Mickey tries to put these things out of his mind. He goes to the park each day, hoping beyond hope that he will soon be promoted. He knows he has talent, but so do many others. The chances of reaching the big leagues are slim, but he must continue to believe.

Each day he signs a few autographs before entering the clubhouse. Playing for his new team in the Midwest League, seven or eight thousand people watch him play each night. These people cheer him, and many already know his name. Being an All-Star the previous year, he's one of the centerpieces of his new team's marketing strategy. He's on the cover of the program and will routinely make visits to schools. He talks to the local press and makes radio appearances. And Mick never turns down the opportunity to say hi to a kid.

The minor league team will directly benefit from these things, but they will pay no part of his salary. They won't even help with housing. Instead, the major league team will pay his salary, and they have no incentive to increase it. After all, with only a small percentage of minor leaguers contributing at the big league level, it's in their best interest to pay minor leaguers as little as possible. Constantly in a battle with the MLBPA--which does not represent minor leaguers--they try to use almost all their resources on the big league budget.

While Mickey's at the field each day, Prom Queen goes to the grocery store. As she approaches the register, she takes the food stamps out of her purse, hoping that nobody will recognize her as a ballplayer's wife. Having paid for the food, she grabs her bags and quickly walks out with her head cast slightly towards the ground. More than ever, she misses the simplicity of her Cottonmouth youth with every step that she takes.

13 comments:

Michael Taylor said...

Great piece in Baseball America, Garrett -- it was worth the wait. As happy as I am to have Opening Day finally come (go Giants!), it's depressing to learn how the gilded house of baseball has been built on a foundation of such ruthless exploitation. It's a disgrace that a parasite like Scot Boras -- a man who has done more damage to baseball than all the strikes, lawsuits, and steroids combined -- grows fat and incredibly wealthy while the living conditions of minor leaguers keep getting worse.

It's sad to realize that under the Norman Rockwell glow, baseball remains at heart a sweatshop industry.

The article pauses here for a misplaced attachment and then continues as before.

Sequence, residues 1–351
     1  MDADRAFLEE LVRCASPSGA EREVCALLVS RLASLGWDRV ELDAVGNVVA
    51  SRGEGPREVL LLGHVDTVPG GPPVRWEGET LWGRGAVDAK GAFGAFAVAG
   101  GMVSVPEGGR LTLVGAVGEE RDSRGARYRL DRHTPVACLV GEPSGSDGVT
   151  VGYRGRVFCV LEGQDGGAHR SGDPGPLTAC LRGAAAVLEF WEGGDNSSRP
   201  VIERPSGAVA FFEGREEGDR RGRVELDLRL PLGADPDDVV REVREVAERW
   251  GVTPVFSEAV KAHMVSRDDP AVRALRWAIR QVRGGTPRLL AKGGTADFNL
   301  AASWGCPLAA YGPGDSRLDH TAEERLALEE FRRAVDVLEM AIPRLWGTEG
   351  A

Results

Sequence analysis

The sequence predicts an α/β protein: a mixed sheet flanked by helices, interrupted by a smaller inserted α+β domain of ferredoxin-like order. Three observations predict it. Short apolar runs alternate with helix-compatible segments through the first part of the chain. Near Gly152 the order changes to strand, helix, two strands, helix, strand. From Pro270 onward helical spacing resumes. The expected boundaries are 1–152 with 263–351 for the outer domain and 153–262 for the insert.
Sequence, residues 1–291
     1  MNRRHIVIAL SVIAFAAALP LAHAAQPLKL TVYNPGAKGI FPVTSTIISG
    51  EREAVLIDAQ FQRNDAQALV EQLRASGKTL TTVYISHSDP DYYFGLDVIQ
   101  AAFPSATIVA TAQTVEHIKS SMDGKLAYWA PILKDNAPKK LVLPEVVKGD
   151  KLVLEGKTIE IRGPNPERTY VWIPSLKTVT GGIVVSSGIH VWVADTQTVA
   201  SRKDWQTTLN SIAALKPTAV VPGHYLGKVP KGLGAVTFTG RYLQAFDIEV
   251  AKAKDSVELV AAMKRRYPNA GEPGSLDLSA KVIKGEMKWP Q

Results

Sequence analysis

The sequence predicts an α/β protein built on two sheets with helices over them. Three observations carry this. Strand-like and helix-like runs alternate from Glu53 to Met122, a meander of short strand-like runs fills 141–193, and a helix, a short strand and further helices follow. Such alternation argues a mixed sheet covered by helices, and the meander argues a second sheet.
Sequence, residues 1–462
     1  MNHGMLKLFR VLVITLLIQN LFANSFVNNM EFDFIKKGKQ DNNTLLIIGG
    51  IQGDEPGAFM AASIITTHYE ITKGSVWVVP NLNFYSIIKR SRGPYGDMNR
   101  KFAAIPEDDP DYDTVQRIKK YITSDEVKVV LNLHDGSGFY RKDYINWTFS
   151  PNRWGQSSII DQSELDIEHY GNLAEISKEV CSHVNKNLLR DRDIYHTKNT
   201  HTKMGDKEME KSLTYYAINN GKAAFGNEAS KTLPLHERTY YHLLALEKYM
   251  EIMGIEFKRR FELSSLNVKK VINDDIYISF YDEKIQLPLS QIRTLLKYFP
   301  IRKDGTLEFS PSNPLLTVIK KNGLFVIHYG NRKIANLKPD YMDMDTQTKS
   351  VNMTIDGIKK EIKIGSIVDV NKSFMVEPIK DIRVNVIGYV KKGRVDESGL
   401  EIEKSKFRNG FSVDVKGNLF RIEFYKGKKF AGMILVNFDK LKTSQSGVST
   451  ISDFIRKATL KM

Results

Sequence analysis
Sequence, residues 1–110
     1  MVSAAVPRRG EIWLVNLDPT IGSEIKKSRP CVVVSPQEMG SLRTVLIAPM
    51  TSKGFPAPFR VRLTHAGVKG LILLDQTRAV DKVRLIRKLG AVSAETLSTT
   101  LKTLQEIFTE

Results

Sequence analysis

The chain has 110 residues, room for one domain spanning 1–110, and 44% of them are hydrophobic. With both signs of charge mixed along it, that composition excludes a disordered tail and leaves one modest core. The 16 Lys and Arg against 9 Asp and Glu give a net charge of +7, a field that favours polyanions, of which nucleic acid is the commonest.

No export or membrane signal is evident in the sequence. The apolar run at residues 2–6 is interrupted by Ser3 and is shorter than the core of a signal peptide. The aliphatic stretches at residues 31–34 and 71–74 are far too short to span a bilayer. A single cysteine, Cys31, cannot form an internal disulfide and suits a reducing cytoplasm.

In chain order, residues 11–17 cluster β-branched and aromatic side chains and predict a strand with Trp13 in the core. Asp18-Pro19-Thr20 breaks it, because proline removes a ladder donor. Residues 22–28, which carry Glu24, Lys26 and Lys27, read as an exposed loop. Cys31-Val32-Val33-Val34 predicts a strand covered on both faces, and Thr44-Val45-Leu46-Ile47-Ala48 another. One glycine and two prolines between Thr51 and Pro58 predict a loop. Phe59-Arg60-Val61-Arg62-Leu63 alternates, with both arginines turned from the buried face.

Jason Wolf said...

Unionization is on the horizon, don't you think? If the minor league umpires can do it, the minor league players can, too. I suspect several major unions will be closely monitoring the umpire union situation.

lance aka lc said...

Damn G man i was just looking for you on the Giants minor league rosters and didn't see you. a little searching led me here.

Sorry to hear that you retired, I think you are an excellent pitcher, and having watched you handfuls of games, I can honestly say your team always had a shot every time you toed the rubber. I know there are a lot of choices to make in life, but If it's feasible i think you should try to remain in the game as a player and ultimately as a coach. Either that or go to law school, a guy like you could make it through with your eyes closed.

and as far as the food stamps and baseball, I guess baseball is a chance a guy has to take, if possible. My deceased grandpa who adopted and raised me was born in 1918...the Cardinals sent some local scouts to watch some of the Hillhouse High games, and my Pa was offered a chance to play in the system. He was 18 at graduation, and had a kid on the way. Back then i think they offered him like 8 bucks a week. With a kid on the way it was not something he could entertain. Fortunately back then "industrial ball" was HUGE, and because of his baseball ability he was given a decent job at the steel mill for like 12 or 13 bucks a week because they needed him behind the plate. Back in the late 1970's, early 80's, when some of his classmates were still roaming the earth we'd sometimes run into them in the supermarket and stuff. They would tell me about how great a ballplayer sonny was and how he'd often hit the ball into the trees, the street, ect. What could have been we'll never know. But i will say i hope to someday be half the man he was.

http://www.nytimes.com/1996/10/27/nyregion/think-a-football-coach-s-tenure-is-short-not-on-this-field.html?pagewanted=1

I was in st. louis about a month and a half ago, i should have reached out we could have shot a game of pool.

If you ever need anything out CT way give me a shout. I'm slowly going back to work after a six year break...but still haven't disciplined my sleeping pattern, which explains this early morning rant. Best of luck Garrett!

gbroshuis said...

Jason: As you know very well, unionizing the minor leagues would be tough. But you point out that minor league umps have done it, and additionally minor league hockey players have done it as well. Both overcame similar obstacles. (And incidentally, both earn higher salaries than minor league baseball players.) I think you're right though, it would require help from a bigger union to do it.

Michael: Re: Norman Rockwell and sweatshops. Beautiful.

Lance: Great story about your grandpa! Have fun going back to work.

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Anonymous said...

Lance, why are you recommending law school for Garrett ("go to law school, a guy like you could make it through with your eyes closed")?

How does being a ballplayer translate into being a good law student?

lance aka lc said...

Because beyond the baseball thing he is a smart dude with good written and verbal communication skills.